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Congress Strives to Achieve a Covid Relief

Zacks Equity Research
·2 min read

Ahead of the final opening bell of this holiday-shortened week, we find ourselves not knowing a lot of things we think we knew when the week began: home sales were taking the housing market into the lead among U.S. economy industries, joblessness was again a rising problem for the country, but at least there was a new relief package which would begin to send out personal checks to individuals starting next week.

Not so fast — on any of it: both New and Existing Home Sales reports this week were disappointing compared to estimates, both Initial and Continuing Jobless Claims came down notably last week, and that Covid relief bill passed by Congress? It’s now is danger of being scuttled by a presidential veto. Apparently, $600 per month for struggling households is not enough for President Trump; liberal Democrats in Congress like Bernie Sanders and Alexandria Ocasio-Cortez wholeheartedly agree. Republican House leader Kevin McCarthy strongly objects.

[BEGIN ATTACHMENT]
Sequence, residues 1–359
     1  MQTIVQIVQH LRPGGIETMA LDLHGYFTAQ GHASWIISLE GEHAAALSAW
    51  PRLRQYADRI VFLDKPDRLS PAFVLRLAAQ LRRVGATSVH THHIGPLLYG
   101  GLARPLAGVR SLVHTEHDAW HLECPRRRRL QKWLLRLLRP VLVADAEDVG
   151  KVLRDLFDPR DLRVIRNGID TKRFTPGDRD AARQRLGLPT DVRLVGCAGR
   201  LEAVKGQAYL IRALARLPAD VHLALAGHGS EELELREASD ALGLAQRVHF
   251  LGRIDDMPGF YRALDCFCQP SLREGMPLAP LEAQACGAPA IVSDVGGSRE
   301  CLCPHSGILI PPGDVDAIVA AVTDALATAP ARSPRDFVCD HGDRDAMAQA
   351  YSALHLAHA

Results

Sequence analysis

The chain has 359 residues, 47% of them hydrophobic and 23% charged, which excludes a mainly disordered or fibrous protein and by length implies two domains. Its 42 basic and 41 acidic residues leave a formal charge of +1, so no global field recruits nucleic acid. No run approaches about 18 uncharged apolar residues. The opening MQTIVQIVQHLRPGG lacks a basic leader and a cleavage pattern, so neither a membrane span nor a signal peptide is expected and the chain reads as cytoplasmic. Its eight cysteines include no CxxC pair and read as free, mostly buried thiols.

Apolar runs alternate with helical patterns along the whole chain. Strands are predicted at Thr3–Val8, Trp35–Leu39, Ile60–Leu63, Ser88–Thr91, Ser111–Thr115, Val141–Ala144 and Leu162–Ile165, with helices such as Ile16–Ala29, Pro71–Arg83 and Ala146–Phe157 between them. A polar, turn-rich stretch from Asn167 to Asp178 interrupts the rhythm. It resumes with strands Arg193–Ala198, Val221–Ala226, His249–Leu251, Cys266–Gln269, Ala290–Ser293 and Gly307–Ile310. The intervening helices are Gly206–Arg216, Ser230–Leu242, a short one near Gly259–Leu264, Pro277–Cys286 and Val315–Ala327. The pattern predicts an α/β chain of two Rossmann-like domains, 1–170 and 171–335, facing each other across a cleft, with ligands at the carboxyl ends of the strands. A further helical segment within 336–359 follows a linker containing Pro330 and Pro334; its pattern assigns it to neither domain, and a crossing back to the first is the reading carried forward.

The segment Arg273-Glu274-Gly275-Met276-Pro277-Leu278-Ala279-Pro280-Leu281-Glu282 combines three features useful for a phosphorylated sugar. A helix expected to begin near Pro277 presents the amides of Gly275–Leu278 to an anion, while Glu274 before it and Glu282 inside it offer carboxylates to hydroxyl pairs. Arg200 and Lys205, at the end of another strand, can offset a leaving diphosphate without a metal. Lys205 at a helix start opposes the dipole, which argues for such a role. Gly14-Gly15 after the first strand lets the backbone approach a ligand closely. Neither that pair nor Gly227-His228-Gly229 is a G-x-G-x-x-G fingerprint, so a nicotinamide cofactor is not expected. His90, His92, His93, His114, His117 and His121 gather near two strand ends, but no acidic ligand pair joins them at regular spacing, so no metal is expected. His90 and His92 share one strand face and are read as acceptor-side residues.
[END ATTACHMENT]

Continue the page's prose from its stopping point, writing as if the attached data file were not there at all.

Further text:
Congress people were hopeful they’d be at home with their families to celebrate the holidays by now. But failing (once again) to pass any sort of relief bill for the American people and businesses struggling under the weight of the ongoing pandemic holds very real risks for millions of citizens. For one, the Pandemic Unemployment Assistance (PUA) expires Saturday, one day after Christmas, which would send millions of out-of-work Americans with no place to turn. After the first of the year, grace periods for rental payments also expire — a dire image here would be for families to be put out on the street in the heart of wintertime, right after the new year begins.

This is normally a time for putting one’s slippered feet up in front of the fire with a cold glass of eggnog. But if 2020 has taught us anything, “normally” does not apply here. While it’s possible that a presidential veto of the congressional relief bill could be overturned by supermajority, a lot needs to break fortuitously for this to come out without any complications. Unanimous consent for $2000 stimulus checks has just failed to pass the House; the body will reportedly reconvene on Monday.

Regardless what happens, we here at Zacks wish all our readers and subscribers a happy and healthy holiday season. If you’ve taken advantage of Zacks’ recommendations, your portfolio likely looks much stronger than it did at this time last year. We look forward to providing you further advantages into 2021 and beyond.

This column will take a break Friday in observance of Christmas Day. Markets will be closed. See you bright and early Monday morning!

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